Why you should embrace your post-baby body
Vicky Warr - The Parenting Chapter's Pregnancy and Postnatal Fitness and Nutrition Expert, explains why you shouldn’t feel rushed into ‘getting your body back’ after having a baby and offers some top tips on how to ease yourself back in to exercise.
You enter a whole new world when you become a mum and it’s truly a time to celebrate what you have produced. You created, grew and delivered a gift – your baby. The female body is designed to have babies and what is goes through is amazing. It is also pretty good at recovering and getting stronger, if you let it.
After having my second child, my belly looked and felt really squidgy. The skin was wrinkled and saggy, and I had a very weak pelvic floor, as well as abdominal separation. Yet it didn’t matter. The last part of my pregnancy had been traumatic, with frequent hospital visits, and my bump was so large people thought I was having triplets! There was only the one baby in there, but I had a lot of fluid. I’d also had a scare, as one of the scans at around 30 weeks had suggested my baby might have one short leg. When my daughter was born with equal-sized legs (!) I didn’t care too much about my saggy tummy.
During the weeks after giving birth, regaining strength and fitness was important to me. I had suffered from postnatal depression after having my first child and I knew that exercise would help me mentally. It makes you feel so much better and the endorphins you release spark feelings of happiness and boost your confidence. As someone who works in the fitness industry helping mums-to-be and new mums, I can’t emphasise enough that there is no need to see exercise as something you must rush straight into just to ‘get your body back’. This is a message you hear a lot in the media, but going head first into the wrong kind of exercises too quickly can do more harm than good. Not only that, setting unrealistic goals can have a negative impact on your mental and physical wellbeing. A new mum who wants to return to her pre-pregnancy weight is also challenged with childcare, less rest and sleep, household chores and the possibility of returning to work at some point.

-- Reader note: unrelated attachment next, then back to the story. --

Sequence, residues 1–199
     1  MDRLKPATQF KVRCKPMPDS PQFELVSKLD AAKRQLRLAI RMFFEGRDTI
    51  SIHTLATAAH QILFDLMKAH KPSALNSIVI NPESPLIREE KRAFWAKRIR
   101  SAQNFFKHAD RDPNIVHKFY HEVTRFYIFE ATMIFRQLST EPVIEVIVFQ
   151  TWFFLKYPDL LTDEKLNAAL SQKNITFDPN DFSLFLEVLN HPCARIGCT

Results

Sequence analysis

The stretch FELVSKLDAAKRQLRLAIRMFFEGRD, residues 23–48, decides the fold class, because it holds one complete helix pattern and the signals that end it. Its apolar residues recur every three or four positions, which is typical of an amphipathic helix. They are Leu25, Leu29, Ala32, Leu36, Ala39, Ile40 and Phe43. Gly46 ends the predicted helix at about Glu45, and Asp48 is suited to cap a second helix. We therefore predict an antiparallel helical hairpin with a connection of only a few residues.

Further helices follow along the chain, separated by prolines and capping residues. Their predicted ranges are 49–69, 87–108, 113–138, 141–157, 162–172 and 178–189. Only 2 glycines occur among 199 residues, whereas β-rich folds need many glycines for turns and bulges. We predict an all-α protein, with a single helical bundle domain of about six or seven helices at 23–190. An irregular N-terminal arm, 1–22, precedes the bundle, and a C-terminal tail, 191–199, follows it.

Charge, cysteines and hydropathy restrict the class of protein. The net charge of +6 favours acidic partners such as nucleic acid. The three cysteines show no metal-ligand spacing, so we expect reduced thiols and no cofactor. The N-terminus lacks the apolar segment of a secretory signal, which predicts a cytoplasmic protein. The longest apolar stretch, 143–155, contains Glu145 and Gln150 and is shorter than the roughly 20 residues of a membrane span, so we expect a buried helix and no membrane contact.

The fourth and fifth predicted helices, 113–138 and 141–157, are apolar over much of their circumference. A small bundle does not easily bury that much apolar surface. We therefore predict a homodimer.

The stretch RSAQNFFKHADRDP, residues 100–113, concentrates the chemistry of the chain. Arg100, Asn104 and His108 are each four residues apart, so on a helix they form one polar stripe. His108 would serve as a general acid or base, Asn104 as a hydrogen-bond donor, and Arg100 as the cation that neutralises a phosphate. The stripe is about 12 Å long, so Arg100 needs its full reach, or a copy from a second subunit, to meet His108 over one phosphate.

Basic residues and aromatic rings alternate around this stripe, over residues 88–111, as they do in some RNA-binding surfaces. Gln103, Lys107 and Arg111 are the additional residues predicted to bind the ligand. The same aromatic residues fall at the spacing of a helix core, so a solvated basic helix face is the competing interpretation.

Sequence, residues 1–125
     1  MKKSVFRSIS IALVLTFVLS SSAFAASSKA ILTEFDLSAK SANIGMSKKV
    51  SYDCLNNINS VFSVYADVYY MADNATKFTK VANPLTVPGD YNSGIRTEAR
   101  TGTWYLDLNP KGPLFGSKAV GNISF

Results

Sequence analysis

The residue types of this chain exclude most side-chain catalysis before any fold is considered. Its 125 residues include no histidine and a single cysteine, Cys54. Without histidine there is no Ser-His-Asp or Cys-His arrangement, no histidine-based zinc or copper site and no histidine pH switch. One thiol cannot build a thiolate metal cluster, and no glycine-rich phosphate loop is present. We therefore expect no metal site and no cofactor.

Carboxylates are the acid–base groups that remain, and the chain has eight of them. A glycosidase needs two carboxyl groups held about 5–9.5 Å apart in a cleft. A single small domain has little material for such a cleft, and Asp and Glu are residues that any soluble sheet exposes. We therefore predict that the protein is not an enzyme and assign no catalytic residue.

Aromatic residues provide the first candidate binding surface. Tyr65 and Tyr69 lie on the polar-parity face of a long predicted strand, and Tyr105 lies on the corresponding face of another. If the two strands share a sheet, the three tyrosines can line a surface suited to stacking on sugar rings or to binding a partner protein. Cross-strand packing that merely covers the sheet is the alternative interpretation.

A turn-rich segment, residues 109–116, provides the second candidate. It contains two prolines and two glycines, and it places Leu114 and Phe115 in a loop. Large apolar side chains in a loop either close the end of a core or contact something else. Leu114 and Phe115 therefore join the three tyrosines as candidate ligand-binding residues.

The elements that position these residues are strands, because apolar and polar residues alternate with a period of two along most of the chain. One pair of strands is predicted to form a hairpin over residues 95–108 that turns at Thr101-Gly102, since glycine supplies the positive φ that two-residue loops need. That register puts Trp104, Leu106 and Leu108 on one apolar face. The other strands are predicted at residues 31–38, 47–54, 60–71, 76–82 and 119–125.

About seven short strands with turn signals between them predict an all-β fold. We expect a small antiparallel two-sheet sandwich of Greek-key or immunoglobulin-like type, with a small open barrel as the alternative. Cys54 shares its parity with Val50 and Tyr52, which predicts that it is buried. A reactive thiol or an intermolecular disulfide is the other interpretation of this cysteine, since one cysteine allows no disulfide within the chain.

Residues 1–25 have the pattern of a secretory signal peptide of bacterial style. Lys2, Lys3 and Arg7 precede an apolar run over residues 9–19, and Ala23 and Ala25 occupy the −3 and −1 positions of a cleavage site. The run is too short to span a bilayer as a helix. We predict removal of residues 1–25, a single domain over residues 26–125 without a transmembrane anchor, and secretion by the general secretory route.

So, being patient with your body after birth, accepting the complete unknown and seeking support from friends or family to help you through the first few months are the three things I advise you to do when it comes to ‘getting your body back’. Not what you expected me to say, I know.
The first stage, just after you’ve had your baby, is to just accept the changes. Look to restoring your body and aiming, at some point, to get things back to somewhere close to where you were before. In the first few weeks, get out of the house or just into the garden for fresh air, vitamin D, movement and walking. Just go with the flow and do not stress about how your tummy or body looks and feels.
The next stage, which may be after a few months or a few weeks (everyone is different and has different levels of support or childcare around them), is to create a few healthy habits with your nutrition. Eating more vegetables and lean protein, as well as aiming for 10 to 20 minutes of exercise every day, will help to address a pregnancy pouch and regain your muscle memory.
Then, as you emerge through the first few months, you’ll want to feel fit, strong and more body confident. A post-birth body can repair itself. Exercise and good eating are the tools to get you there and pastany plateaus you experience with your weight. Progressing your exercise programme and including more total body strength exercises for just 30 minutes, three times a week, will help you to feel stronger.
Just like your baby taking his or her first small steps, think of this same process when it comes to healing your body and regaining fitness. During the process, stay relaxed, move each day and be active, eat well, drink plenty of water and be grateful to your beautiful body. If you want a little help to kick start your exercise regime, sign up for my free, five-day Mummy Tummy Kick Start programme. It consists of expertly instructed 10-minute video workouts that you can do anywhere and at any time, plus a delicious daily recipe your whole family will love – and so will your tummy. For more information, visit: www.beezkneezhive.com
About the Author: Vicky Warr is a pre and postnatal fitness specialist and creator of The Beez Kneez, healthy eating and exercise for new mamas and mamas to be. She has contributed to BBC Radio and is the fitness consultant to Mothercare and Gurgle magazine.